With the site and developer chosen, We Energies selected Sargent & Lundy LLC to perform the final substation and building engineering. Because of the mixed-use development, engineering of the substation structure took on greater importance than in a typical substation project and presented several engineering challenges. We Energies and the developer designed their buildings separately using independent architectural and structural engineering firms. Close coordination was required to ensure the needs of both the substation and the development were met.

One of the first challenges engineers had to address was the substation’s foundation. “The Historic Third Ward is built on a landfill,” explained Paul Tadda, engineering major projects supervisor for We Energies. “This necessitated a deep pile foundation to support the heavy substation equipment and associated live loads, along with loads resulting from partially supporting the developer’s building above.”

The substation required a basement 13 feet (four meters) below street level for the transmission line entry and distribution feeder exits. According to the geotechnical report, the water table was seven feet (two meters) below street level. Furthermore, because of site constraints, tie-back anchors could not be used to laterally support a sheet piling earth-retention system for the below-grade construction.

The solution to these issues was a deep pile foundation, including the use of a cantilevered, reinforced secant wall around the perimeter of the building and anchored into stiff clay 100 feet (30 meters) below street level. The secant wall addressed the lack of lateral support and water intrusion into the excavation during construction. To address the high-water table for the service life of the substation, a bentonite waterproofing membrane was placed in the walls and floor, along with a crystalline concrete admixture to further block water intrusion through the concrete. To support the development loads, heavy structural steel framing was required. The exterior of the substation is comprised of 12-inch-thick (305-mm-thick) insulated architectural precast concrete panels.

“In addition, combining the substation building with another separate building — the mixed-use development — created unique challenges not typical with open stand-alone substations,” Tadda said.

To address potential step and touch concerns, the combined substation and development grounds needed to be bonded; however, this was complicated by the interconnection with the building’s steel. Ultimately, WEC Energy Group accomplished this by creating an intentional bond between the substation’s ground system and the development’s utility systems to provide a return path outside the building’s steel and water systems. The bonding conductor, sized smaller than the service lateral, would carry only a fraction of the current, thereby minimizing the current.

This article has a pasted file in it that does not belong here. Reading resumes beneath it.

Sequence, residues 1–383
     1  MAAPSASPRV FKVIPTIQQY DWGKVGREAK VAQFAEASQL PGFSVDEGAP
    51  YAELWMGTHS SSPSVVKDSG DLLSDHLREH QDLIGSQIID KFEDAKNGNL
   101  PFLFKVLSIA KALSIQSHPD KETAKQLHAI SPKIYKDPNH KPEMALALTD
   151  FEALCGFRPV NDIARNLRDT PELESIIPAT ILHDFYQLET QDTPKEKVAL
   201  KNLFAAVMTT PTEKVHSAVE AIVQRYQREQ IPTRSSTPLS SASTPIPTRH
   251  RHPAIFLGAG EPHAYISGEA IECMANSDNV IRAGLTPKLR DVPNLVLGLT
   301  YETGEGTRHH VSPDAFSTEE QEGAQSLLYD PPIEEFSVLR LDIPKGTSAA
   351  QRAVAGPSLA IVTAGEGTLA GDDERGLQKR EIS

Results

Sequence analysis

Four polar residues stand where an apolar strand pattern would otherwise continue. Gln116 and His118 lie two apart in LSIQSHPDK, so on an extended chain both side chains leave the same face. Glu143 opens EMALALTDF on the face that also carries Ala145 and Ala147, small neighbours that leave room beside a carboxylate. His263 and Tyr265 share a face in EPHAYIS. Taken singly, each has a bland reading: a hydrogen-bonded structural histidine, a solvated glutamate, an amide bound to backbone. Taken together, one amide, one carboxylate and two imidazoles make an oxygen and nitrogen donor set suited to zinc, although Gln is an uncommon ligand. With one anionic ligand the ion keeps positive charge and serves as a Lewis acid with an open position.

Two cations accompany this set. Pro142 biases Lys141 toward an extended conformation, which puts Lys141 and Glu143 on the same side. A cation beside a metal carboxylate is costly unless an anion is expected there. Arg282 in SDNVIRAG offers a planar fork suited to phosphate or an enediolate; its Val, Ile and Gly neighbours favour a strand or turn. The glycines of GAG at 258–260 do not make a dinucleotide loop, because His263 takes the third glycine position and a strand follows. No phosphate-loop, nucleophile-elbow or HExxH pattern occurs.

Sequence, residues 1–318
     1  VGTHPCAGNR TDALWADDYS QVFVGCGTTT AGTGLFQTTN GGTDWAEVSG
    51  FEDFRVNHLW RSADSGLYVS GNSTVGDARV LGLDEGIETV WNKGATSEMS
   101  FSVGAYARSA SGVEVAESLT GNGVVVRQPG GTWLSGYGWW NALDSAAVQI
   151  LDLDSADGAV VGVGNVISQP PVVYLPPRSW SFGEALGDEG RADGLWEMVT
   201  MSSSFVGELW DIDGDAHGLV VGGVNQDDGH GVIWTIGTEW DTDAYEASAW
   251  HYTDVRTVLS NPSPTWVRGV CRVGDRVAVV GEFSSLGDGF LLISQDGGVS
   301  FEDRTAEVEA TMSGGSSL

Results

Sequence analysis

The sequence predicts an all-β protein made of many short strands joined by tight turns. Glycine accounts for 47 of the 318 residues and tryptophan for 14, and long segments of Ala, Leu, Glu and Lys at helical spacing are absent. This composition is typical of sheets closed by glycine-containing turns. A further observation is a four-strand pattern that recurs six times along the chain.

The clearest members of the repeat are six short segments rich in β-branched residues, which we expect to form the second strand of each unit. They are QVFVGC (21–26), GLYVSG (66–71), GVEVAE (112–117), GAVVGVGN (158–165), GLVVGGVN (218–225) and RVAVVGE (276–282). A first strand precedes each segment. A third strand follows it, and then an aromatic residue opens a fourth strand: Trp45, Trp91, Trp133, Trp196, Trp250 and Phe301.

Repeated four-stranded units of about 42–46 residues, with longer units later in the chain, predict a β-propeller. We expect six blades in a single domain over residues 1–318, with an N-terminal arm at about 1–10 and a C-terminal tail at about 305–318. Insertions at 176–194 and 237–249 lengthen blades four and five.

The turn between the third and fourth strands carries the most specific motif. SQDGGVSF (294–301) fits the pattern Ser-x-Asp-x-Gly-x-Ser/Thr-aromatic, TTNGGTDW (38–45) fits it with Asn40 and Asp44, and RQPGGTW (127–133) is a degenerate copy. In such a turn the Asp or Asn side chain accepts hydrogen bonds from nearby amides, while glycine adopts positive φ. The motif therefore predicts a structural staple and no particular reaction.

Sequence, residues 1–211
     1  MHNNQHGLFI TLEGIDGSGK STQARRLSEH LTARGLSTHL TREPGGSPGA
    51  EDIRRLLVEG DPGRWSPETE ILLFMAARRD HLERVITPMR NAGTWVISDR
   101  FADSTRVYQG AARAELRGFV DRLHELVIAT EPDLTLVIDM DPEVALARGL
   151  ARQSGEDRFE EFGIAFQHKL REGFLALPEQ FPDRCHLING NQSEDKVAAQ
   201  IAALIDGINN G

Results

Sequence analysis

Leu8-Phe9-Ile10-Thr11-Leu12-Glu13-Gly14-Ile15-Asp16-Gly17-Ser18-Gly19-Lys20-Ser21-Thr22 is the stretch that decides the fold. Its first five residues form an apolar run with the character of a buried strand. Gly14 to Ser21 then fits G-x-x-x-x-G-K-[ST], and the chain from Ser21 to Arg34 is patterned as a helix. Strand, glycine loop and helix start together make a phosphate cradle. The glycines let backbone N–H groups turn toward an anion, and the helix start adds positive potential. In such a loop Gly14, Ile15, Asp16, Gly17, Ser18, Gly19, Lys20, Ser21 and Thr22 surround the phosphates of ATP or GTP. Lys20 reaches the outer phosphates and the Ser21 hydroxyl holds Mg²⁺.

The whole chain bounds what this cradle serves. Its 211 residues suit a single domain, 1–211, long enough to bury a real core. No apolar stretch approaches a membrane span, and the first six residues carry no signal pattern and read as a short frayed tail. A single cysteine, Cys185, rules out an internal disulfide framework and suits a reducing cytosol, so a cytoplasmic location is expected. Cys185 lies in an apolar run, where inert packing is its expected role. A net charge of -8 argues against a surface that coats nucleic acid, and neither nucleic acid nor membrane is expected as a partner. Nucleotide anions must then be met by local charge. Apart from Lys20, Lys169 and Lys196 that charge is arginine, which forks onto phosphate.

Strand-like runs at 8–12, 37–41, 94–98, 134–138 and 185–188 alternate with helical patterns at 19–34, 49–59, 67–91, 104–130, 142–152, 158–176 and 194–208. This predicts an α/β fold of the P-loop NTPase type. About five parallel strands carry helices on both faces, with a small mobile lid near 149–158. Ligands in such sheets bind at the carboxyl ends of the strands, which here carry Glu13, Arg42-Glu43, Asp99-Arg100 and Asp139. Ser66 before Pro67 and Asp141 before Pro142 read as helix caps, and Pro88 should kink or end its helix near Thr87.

Engineers also needed a way to slide, lower and spin each of the two undressed transformers into the transformer bays. The transformer foundations are four feet (1.2 meters) below street level, which was required to match the two buildings’ adjacent floor elevations, while providing the necessary clearances in the transformer bays. A cribbed rail system was constructed from the street into the bays. After the transformers were slid into the bay, gantries — located in the bay — were used to lift and slowly lower the transformer as the rails and cribbing were removed. Finally, the 160,000-lb (72,575-kg) transformers were spun into final orientation using a milling plate. With the transformers in place, they were dressed out and filled.

Worker and Public Safety

Throughout the project, safety was a priority for We Energies. “We target zero incidents, accidents and injuries every day,” said Andy Kolosovsky, engineering manager for WEC Energy Group. “We’re proud to say we achieved that goal on this project.”

The safety of the public was paramount, as well. Because the substation is part of a mixed-use development, additional safety measures not normally seen in a substation design were required. Engineers had to install fire barriers, sprinklers and a fire alarm system that was interconnected with the surrounding development. On top of meeting all code requirements, safety was enhanced by designing the heating, ventilation and air-conditioning louvers for the transformer rooms with fire dampers that would close in case of a fire event and incorporating a high-flash-point natural ester transformer fluid in each of the substation’s 65-MVA transformers.

Two-Year Completion

“This leading-edge project is one of the many ways we are demonstrating our commitment to world-class reliability — using innovation and ingenuity to overcome all obstacles,” Gogan noted.

Although planning began in 2013, the Juneautown substation was constructed and energized in less than two years, with the mixed-use development opening to residents in summer 2021. Ultimately, this project will deliver improved reliability for critical customers, including government buildings and major commercial and residential high-rise facilities, for years into the future.